According to Adetula (2008) , in Nigeria and several other African countries, elections are far from being free and fair, and one of the palpable factors is the menace of vote buying. The malady of vote buying is indeed pervasive in Nigeria as Davies observed that paradoxically, money itself has become a dominant and seems to have taken the centre stage in the political process in most countries and in Nigerian politics. Adetula (2008) again contends that vote buying is a corrupt act which usually takes the form of a gift or gratuity bestowed for the purpose of influencing the action or conduct of the receiver, especially money or any valuable consideration given or promised for the betrayal of a trust or the corrupt performance of an allotted duty, as to a fiduciary agent, a judge, legislator or other public officer, a witness or a voter. As a corrupt act, vote buying can be defined as any form of persuasion in which financial gain is suggested by one person to another with the intention of influencing a person’s vote. This includes not only the payment of a simple bribe, but also the payment of excessive traveling expenses and the payments of excessive election workers. Sections 24 and 23 of Electoral Acts 2006 and 2010 respectively defined vote buying as selling or attempting to sell any voter’s card whether issued in the name of any voter or not; or buying or offering to buy any voters card whether on the buyer’s behalf or on behalf or any other person. Similarly, under sections 131 and 124 of Electoral Acts 2006 and 2010 (as amended), titled Prohibition of Bribery and Conspiracy, the Act outlines the following actions as vote buying: direct or indirect offering or aiding in offering inducement in any form whether to a person or a political campaign for the purpose of corruptly influencing that person or any other person to support or refrain from supporting a political party or candidate; direct or indirect giving offering to give any money or valuable consideration top any person during a political campaign in other to induce that person or any other person to support or refrain from supporting a political candidate; and accepting any inducement, money or valuable consideration from any person, candidate or political party in order to compel that person or any other person to support or refrain from support a political party or candidate. According to Adetula (2008) , the actors who buy votes in Nigeria include patrons (godfathers) in the political system; political parties, which could be in the ruling or opposition parties and individual politicians at local government council, state and at national levels. Vote buying occurs when competition for power amongst contending political groups is stiff. This is when the balance of power within the constituency is nearly equal. One or both groups may be engaged in vote buying and buyer of voter are motivated by the factors of capturing state power, maintaining authoritarian control of political office and keeping the opposition out of power. Nugent (2001) noted that in most African countries the incumbents certainly enjoyed an enormous advantage by virtue of their control of the financial purse strings. This enabled them to offer voters certain material inducements in return for their compliance on polling day. “Be that as it may, “vote buying was always a second-best strategy, the winning side engaging in straight forward vote buying” (Nugent, 2005) . Politics in Nigeria is seen by ruling elites as the only “viable industry” in the country. This is why Kyari contends that politics is a means for self-service in Nigeria today, it has also become the surest, quickest, easiest and most rewarding avenue for escaping the gnawing poverty to which most Nigerians are today condemned. First it requires no training, no capital to initiate a political career in Nigeria in the first instance. You need a string jaw, a capable pair of legs, and a godfather. Strong atavistic instinct, cynical attitude to Nigeria’s development and willingness to stand behind your godfather will not only complete the list of quantities you need, but would also accredit you to the winning party of the times. Politics is not a matter of issues or ideology, but simply of the stomach as its most successful practitioners would readily tell you. Thus, the sellers of votes are pushed into this act either because of poverty or as a method of getting part of the national cake. Nugent (2001) concludes that the concomitant effect of vote buying in electoral contests in the words of a politician is that “elections are not for the poor. It is extremely expensive enterprise, very expensive”. Political bribery involves a situation where persuasion income is channeled and also the attitude of the voter to his vote preference is commercial. In this wise, voters are approached in public houses, and at home and would be offered financial rewards if they voted for the right candidate. Vote buying takes place during registration of voter where registration officers sold empty or completed voters cards to politicians of opposing camps. In 2002, the Transition Monitoring Group17 reported cases of vote buying nationwide during the 2002 voter registration. Vote buying is largely illegal, criminal and unconstitutional. It has tremendous impact on the process of transitioning to democracy and Adetula (2008) 18 lists them viz: it promotes the primacy of money in politics to the detriment of merit, ideology and free and fair competitive political competition. The character and quality of persons seeking mandates are not questioned. In addition, there has been a disappearance from political praxis, debates and ideas and issues affecting the populace. Old and unproductive politicians are recycled into political process to the extent that such individuals are only concern with personal projects and primitive accumulation of wealth. Vote buying therefore obstructs the consolidation of democracy in Nigeria because of the ultra-privatization of transition project by money bags, political instability due to recurring electoral and political violence amongst political groups. Vote buying promotes elitist politics and weakens popular participation.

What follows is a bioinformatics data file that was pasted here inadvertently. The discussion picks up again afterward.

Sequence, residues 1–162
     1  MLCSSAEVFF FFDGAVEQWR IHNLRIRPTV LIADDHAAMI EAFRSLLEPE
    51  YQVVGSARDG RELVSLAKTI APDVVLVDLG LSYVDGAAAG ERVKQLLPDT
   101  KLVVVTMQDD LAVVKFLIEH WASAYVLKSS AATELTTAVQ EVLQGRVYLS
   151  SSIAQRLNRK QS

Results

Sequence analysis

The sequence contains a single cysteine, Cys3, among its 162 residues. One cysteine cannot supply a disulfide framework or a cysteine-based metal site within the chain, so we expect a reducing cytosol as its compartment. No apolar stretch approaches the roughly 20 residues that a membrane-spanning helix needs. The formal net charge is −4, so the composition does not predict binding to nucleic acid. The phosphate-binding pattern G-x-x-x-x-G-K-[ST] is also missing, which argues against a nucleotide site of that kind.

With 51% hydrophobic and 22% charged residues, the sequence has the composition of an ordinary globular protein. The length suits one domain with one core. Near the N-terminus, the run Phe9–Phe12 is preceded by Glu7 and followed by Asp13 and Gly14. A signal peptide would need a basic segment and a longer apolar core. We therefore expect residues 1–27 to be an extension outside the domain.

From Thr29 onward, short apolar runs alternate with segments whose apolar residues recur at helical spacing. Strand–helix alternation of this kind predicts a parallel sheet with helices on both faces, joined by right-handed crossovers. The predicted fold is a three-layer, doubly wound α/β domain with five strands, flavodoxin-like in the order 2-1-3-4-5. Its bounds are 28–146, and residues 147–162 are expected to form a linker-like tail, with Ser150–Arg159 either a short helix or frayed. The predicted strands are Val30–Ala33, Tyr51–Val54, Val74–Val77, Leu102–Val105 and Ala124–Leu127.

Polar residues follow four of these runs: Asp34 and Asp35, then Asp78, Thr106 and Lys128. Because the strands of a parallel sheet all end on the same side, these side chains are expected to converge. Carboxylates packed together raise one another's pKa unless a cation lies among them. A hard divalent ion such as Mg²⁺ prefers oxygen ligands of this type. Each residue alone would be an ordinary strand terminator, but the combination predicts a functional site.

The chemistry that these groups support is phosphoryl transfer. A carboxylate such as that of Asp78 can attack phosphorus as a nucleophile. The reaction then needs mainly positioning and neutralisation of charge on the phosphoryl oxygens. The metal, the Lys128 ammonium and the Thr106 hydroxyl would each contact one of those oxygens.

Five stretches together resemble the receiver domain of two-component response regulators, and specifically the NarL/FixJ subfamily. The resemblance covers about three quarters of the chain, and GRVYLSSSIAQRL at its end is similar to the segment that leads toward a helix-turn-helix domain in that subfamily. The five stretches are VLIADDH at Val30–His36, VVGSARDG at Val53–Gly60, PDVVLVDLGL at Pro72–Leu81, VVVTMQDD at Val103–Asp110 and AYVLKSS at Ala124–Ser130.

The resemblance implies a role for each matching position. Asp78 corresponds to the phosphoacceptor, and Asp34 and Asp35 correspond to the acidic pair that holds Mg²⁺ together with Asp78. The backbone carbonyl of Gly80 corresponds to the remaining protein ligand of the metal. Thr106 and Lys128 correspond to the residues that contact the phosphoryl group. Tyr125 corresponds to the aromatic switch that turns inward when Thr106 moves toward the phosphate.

Only persons with resources get access to political offices in Nigeria. Communities with grassroots solidarities hardly have access to political power because of their inability to participate actively in monetized political system. The political parties that bought votes monopolize power to the exclusion of financially weak parties. They become new autocrats in the political process and consequently become disconnected from people (Abatudu & Obakhedo 2009) . Again, political institutions (National Assembly, State Assemblies and Government Houses in Nigeria’s for instance) are inhabited by some politicians with stolen mandates through vote buying. These affect the image and respects for such national institutions and ultimately have a devastating impact on the legitimacy of such institutions.